In January 2005, the oversight responsibility of the Post-Approval Studies Program was transferred to the Division of Epidemiology (DEPI) of the Office of Surveillance and Biometrics (OSB)/Center for Devices and Radiological Health (CDRH).
The CDRH Post-Approval Studies Program encompasses design, tracking, oversight, and review responsibilities for studies mandated as a condition of approval of a premarket approval (PMA) application, protocol development product (PDP) application, or humanitarian device exemption (HDE) application. The program helps ensure that well-designed post-approval studies (PAS) are conducted effectively and efficiently and in the least burdensome manner.
CDRH has established an automated, internal tracking system that efficiently identifies the reporting status of active PAS studies ordered since January 1, 2005 based on study timelines incorporated in study protocols and agreed upon by the CDRH and applicants. This system represents CDRH's effort to ensure that all PAS commitments are fulfilled in a timely manner.
In addition, CDRH launched this publicly available webpage to keep all stakeholders informed of the progress of each PAS. The webpage displays general information regarding each PAS, as well as the overall study status (based on protocol-driven timelines and the adequacy of the data) and the applicant's reporting status for each submission due.
Transit. Adolescent B (as adults) : 18-21 yrs,
Detailed Study Protocol Parameters
Study Design Description
New enrollment, multi-center, prospective cohort
Study Population Description
The study population is comprised of patients aged 50 years and older who have lumbar
spinal stenosis, suffers symptoms of neurogenic intermittent claudication, have moderately impaired physical function, and are able to relieve their symptoms when they bend forward or flex their spines.
The sample size is 240 patients and 30 clinical sites
The primary endpoint is the Zurich Claudication
Questionnaire (ZCQ) score.
Secondary endpoints include Oswestry Disability Index scores
and MRI changes in adjacent discs.
Followup Visits and Length of Followup
The length of follow-up is 5 years.
Office visits are scheduled preoperatively, and at 6 weeks
2, 3, 4, and 5 years postoperatively.
Categorical data will be summarized using frequency tables with
proportions, exact 95% confidence intervals presented. Summaries of continuous data will include mean, standard deviation, median, minimum and maximum. To represent device survival assessment, Kaplan- Meier analyses will be conducted.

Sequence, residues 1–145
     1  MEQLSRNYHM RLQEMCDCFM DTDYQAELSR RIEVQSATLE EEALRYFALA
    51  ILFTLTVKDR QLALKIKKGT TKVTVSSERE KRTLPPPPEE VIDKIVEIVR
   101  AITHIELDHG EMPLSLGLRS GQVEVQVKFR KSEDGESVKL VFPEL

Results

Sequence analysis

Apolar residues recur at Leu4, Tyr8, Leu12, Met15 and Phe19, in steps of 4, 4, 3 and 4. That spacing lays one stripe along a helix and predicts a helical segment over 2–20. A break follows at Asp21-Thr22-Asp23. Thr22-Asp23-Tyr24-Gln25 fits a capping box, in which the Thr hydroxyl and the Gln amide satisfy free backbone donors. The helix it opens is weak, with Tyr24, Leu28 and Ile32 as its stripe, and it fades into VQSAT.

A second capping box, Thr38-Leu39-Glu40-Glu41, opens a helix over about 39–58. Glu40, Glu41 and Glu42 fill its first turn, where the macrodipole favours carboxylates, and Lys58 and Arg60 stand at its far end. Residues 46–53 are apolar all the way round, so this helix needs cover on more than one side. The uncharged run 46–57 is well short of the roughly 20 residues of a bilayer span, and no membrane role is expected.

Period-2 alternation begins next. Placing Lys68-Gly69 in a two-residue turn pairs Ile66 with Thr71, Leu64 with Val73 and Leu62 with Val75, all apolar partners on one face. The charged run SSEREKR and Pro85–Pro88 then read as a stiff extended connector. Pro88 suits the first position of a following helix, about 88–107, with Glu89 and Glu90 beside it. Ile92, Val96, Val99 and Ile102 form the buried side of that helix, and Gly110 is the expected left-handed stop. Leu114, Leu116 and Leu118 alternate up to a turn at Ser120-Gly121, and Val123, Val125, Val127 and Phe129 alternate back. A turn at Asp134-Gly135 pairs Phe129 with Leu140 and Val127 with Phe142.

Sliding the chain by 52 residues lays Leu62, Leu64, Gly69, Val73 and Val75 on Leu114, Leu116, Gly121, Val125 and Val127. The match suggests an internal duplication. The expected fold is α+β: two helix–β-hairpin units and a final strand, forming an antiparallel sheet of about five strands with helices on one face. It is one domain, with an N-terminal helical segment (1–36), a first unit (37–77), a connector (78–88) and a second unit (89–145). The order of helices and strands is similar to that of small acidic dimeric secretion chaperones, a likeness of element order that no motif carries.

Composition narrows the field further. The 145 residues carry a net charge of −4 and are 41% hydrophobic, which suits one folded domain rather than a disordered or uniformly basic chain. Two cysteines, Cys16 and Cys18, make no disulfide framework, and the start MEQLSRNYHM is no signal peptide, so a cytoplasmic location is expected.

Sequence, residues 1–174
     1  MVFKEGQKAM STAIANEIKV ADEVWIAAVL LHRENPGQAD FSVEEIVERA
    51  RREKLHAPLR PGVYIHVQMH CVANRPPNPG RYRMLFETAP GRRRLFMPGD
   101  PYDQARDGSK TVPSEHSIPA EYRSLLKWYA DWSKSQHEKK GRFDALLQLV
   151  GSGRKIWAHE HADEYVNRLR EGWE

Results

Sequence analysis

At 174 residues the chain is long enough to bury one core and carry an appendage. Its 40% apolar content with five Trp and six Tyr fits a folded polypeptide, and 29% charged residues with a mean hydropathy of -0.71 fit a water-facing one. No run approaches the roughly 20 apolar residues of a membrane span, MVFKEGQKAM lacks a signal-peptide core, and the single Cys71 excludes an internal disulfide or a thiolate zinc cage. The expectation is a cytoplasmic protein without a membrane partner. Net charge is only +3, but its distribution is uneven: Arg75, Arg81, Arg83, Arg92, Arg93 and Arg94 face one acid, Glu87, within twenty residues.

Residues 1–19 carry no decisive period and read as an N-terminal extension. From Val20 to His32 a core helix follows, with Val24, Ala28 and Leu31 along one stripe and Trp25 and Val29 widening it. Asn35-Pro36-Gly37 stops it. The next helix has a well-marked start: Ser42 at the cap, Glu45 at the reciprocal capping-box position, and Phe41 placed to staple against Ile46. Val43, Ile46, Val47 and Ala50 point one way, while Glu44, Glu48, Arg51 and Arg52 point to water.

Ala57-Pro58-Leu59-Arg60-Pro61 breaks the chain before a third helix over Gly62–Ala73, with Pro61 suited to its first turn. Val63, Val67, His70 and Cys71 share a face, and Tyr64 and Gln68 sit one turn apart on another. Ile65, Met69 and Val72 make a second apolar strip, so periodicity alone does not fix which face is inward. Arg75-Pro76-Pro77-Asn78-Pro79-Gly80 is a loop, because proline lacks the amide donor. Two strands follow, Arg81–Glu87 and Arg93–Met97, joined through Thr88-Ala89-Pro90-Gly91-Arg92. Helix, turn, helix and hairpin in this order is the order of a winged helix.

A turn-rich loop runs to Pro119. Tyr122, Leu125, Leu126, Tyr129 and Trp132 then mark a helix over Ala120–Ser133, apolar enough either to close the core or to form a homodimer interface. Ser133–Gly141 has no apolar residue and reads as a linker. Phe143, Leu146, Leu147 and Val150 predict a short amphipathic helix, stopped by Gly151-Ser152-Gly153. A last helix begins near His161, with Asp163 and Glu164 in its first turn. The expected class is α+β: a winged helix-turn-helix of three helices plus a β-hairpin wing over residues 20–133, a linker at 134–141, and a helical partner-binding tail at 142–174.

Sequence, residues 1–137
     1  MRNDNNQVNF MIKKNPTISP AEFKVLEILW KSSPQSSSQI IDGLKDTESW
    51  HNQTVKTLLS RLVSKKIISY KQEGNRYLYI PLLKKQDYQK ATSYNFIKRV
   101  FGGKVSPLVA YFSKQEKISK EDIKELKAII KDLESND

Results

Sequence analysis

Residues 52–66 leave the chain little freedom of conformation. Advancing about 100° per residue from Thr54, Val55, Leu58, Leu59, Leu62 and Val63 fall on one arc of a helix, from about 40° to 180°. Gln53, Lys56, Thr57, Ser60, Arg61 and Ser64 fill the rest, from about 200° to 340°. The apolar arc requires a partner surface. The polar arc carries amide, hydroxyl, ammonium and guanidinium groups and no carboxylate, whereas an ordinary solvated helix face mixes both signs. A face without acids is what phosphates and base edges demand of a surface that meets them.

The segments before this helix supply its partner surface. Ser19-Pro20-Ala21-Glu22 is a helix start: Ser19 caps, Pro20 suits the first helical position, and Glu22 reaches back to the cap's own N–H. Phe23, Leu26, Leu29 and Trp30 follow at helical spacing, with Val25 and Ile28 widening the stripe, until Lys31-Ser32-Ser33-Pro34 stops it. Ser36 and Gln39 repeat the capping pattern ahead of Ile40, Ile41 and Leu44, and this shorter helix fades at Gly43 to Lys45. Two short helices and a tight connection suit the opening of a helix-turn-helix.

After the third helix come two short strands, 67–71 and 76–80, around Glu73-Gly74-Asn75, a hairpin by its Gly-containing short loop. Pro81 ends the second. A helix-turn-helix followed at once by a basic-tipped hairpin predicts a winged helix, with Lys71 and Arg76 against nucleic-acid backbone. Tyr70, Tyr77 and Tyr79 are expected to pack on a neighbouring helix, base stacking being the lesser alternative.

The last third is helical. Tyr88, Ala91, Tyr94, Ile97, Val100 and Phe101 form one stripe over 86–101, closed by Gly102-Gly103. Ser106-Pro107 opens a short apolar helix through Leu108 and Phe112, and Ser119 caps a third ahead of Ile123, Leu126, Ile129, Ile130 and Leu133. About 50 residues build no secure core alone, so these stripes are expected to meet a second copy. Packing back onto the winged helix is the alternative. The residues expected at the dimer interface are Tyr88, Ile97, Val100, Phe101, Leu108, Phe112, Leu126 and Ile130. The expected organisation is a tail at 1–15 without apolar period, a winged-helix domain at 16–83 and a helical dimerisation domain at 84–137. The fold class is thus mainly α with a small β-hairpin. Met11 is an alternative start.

Final Study Results
Actual Number of Patients Enrolled
162 patients were enrolled.
Actual Number of Sites Enrolled
20 sites participated in enrollment.
Patient Followup Rate
The follow-up rate of expected subjects is 91.53% and 91.67% at the 24-month and 60-month
visit, respectively. The attrition rate due to death, lost to follow-up and withdrawal is 5.56% and 27.16% at the 24-month and 60-month visit, respectively.
Final Safety Findings
Adverse Events (AEs) Summary:
Through August 15, 2014, a total of 814 adverse events were reported
by 132 (81.5%) patients. The most common category of AEs was musculoskeletal and connective tissue disorders, reported by 88 (54.3%) patients and the most commonly reported adverse event was back pain, reported by 36 (22.2%) patients. Within this set of AEs, thirty-two events were reported for 18 (11.1%) patients to be implant-related while 51 events reported in 27 (16.7%) patients were classified as X-STOP procedure-related. The most frequently reported implant-related AE was device removal reported in 10 (6.2%) patients. The most frequently reported procedure-related AEs were incisional site pain in 7 (4.3%) patients, and spinal fracture in 6 (3.7%) patients.
Serious Adverse Events (SAEs) Summary:
Through August 15, 2014, a total of 210 serious adverse events have been reported by 65 (40.1%) patients. Within this set of SAEs, 26 events were reported for 15 (9.3%) patients to be implant-related while five events reported in 3 (1.9%) patients were classified as X-STOP procedure-related.
Subsequent Lumbar Surgery
There were 39 secondary surgery forms completed in thirty-two (19.8%) patients with 28 (17.3%) patients reporting X-STOP removal.
Overall success rates for the study participants were observed as follows:
12 months, 44.8%; 24 months, 30.9%; and 60 months, 24.2%.